Harry Hall Vincent (1895-1917)
Private 25708 2nd Battalion
On 26th June 1917 the first US troops arrived in France, the Americans having declared war on Germany that April. On that day also Harry Vincent, aged 22, was killed in action on the Western Front.
Harry Hall Vincent was one of seven children of furniture agent Harry Vincent and of Mary Florence Berry, who had worked as a shop assistant and was the daughter of a cabbie, originally from Devon.
The family lived at 6 Alma Terrace before moving to 65 Osborn Road.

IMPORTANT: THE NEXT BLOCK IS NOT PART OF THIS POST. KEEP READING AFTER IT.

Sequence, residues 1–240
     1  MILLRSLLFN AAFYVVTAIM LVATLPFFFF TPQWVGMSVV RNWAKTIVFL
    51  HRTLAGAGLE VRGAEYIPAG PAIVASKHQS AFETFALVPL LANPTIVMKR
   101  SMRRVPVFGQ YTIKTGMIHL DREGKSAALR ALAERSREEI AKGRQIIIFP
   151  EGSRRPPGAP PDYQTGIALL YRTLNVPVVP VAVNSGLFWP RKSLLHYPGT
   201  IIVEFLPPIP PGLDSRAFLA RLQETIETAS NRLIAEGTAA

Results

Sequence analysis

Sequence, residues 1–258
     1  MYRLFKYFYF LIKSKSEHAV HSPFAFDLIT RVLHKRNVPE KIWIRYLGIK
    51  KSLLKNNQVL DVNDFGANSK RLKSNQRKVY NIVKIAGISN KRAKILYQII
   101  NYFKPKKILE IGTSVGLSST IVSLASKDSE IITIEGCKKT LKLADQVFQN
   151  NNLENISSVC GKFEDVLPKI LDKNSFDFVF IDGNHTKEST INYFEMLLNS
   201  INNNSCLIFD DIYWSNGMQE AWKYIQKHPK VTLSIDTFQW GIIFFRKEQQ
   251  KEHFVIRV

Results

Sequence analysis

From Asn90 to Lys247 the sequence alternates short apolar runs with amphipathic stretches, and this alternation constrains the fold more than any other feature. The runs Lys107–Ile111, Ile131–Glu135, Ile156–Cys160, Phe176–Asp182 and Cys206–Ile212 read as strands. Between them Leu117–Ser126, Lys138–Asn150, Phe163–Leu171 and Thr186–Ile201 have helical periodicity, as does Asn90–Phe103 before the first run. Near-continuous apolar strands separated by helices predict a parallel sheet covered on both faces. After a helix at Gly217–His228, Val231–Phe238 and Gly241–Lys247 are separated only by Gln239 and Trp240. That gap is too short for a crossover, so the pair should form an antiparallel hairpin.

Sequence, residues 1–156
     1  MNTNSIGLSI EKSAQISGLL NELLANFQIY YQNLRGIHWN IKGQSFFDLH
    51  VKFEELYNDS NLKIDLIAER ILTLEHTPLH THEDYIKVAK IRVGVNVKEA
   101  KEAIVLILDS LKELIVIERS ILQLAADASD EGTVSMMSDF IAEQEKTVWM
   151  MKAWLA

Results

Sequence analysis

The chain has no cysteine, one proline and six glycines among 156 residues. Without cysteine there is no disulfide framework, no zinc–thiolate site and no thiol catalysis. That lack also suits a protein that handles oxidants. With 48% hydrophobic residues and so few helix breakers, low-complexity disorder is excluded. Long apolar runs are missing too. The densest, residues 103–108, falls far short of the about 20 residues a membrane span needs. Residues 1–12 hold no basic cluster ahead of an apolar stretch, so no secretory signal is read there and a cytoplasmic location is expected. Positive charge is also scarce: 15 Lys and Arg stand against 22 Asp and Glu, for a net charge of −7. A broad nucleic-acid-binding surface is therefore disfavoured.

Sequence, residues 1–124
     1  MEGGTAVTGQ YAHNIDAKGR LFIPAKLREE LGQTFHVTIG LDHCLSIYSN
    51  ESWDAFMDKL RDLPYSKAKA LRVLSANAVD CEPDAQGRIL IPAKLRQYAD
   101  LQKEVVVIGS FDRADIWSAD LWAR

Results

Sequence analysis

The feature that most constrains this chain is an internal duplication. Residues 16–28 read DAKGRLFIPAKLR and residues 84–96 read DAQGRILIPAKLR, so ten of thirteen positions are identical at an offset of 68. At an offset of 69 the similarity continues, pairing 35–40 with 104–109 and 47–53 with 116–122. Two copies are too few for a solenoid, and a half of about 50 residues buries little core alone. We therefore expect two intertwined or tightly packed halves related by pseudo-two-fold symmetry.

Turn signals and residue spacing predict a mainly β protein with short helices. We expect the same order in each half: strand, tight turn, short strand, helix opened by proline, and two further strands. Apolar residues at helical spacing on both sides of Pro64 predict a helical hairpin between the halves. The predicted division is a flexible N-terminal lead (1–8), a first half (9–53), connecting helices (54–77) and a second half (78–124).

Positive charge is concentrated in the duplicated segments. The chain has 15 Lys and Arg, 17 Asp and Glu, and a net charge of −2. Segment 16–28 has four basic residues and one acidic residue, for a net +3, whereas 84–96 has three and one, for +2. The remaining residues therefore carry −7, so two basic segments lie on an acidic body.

Harry Junior worked as a clerk in the cycle and motorcycle makers Radnall & Co. in Dartmouth Street. Harry enlisted in the Worcestershire Regiment – his brother Edgar served in the navy.
Harry was killed following the Battle of Messines, when the Allies had been successful after exploding huge mines under the German positions. Harry Hall Vincent has no known grave and is commemorated on the Arras memorial.
The Arras Memorial is located in the Faubourg d'Amiens British Cemetery, in the western part of the town of Arras. The memorial commemorates 35,942 soldiers of the forces of the United Kingdom, South Africa, and New Zealand, who died in the Arras sector between the spring of 1916 and 7 August 1918, and who have no known grave.